4 November 1981 Exposure Geometry And Film Contrast Differences As Bases For Incomplete Cancellation Of Irrelevant Structures In Dental Subtraction Radiography
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Abstract
Subtraction radiography for longitudinal studies requires both reproducible imaging geometry and film contrast characteristics to permit perfect alignment of the radiographs, and achieve good cancellation of diagnostically irrelevant background structures. The standard deviation (SD) of gray levels about the mean in a subtraction image was used as a relative measure of the residual structured noise. In order to estimate the effects of improperly standardized radiographs on SD in the subtraction image, both the imaging angle and film exposure time were systematically varied. The results showed that SD changed linear for small misalignment angles of the central beam, the variance attributable to this error source reaching about the same magnitude as the variance due to anatomical differences for angulation errors within ±20. The SD increase due to large film contrast disparity could be partly reverted for angulation errors within this bound by using a quadratic transformation which matched the first two moments of the gray level distributions in the two parent radiographs. Therefore, in order to use some of the retrospective data obtained under less stringent standardizations for subtraction imagery, it appears possible to adjust for differences in film contrast, and, perhaps, correct for geometric misalignment by a separate algorithm.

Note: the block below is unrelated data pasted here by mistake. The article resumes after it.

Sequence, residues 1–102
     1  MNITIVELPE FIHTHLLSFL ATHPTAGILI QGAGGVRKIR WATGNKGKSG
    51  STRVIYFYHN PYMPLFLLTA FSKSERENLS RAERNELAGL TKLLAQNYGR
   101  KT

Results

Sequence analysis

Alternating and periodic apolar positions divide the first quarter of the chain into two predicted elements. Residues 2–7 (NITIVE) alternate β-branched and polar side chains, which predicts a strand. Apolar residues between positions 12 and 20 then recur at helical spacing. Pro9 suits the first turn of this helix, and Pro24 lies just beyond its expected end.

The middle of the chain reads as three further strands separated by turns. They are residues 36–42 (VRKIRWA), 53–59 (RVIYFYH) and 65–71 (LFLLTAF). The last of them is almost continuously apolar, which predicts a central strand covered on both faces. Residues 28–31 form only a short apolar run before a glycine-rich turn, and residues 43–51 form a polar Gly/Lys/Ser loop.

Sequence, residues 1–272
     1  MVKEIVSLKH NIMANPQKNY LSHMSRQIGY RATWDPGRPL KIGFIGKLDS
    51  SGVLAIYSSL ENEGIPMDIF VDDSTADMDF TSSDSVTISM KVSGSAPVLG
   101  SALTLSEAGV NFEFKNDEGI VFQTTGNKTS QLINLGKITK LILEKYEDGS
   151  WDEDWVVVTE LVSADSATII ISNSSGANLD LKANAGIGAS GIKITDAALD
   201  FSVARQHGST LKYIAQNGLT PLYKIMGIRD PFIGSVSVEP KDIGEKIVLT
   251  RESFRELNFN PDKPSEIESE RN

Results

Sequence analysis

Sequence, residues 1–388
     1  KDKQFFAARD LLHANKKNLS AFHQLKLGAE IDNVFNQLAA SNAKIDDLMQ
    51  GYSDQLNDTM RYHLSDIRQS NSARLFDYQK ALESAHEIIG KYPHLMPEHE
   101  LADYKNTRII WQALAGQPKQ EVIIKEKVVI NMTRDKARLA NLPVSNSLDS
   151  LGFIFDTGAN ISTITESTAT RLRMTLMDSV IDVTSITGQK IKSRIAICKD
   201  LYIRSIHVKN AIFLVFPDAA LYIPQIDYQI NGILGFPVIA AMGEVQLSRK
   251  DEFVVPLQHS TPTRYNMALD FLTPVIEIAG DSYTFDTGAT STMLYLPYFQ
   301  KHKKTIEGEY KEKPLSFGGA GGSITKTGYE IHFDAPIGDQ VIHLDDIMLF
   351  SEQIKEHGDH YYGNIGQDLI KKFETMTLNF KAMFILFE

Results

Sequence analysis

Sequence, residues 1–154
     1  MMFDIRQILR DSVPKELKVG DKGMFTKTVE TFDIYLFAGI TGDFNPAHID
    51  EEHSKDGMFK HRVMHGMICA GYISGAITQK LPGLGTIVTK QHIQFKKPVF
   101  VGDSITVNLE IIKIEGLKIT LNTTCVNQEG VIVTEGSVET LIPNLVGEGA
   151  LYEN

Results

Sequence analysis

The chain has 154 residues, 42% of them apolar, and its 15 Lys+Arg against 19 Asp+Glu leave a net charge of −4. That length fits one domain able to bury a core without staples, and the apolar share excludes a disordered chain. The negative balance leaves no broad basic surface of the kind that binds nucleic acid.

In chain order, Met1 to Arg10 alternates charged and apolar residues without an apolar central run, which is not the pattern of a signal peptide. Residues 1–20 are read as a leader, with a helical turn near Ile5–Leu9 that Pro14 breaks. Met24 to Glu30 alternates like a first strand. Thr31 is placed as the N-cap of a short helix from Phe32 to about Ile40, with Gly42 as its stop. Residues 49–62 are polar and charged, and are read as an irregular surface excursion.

© (1981) COPYRIGHT Society of Photo-Optical Instrumentation Engineers (SPIE). Downloading of the abstract is permitted for personal use only.
Urs E. Ruttimann, Urs E. Ruttimann, Tomohiro Okano, Tomohiro Okano, Hans-Goran Grondahl, Hans-Goran Grondahl, Kerstin Grondahl, Kerstin Grondahl, Richard L. Webber, Richard L. Webber, } "Exposure Geometry And Film Contrast Differences As Bases For Incomplete Cancellation Of Irrelevant Structures In Dental Subtraction Radiography", Proc. SPIE 0314, Digital Radiography, (4 November 1981); doi: 10.1117/12.933072; https://doi.org/10.1117/12.933072
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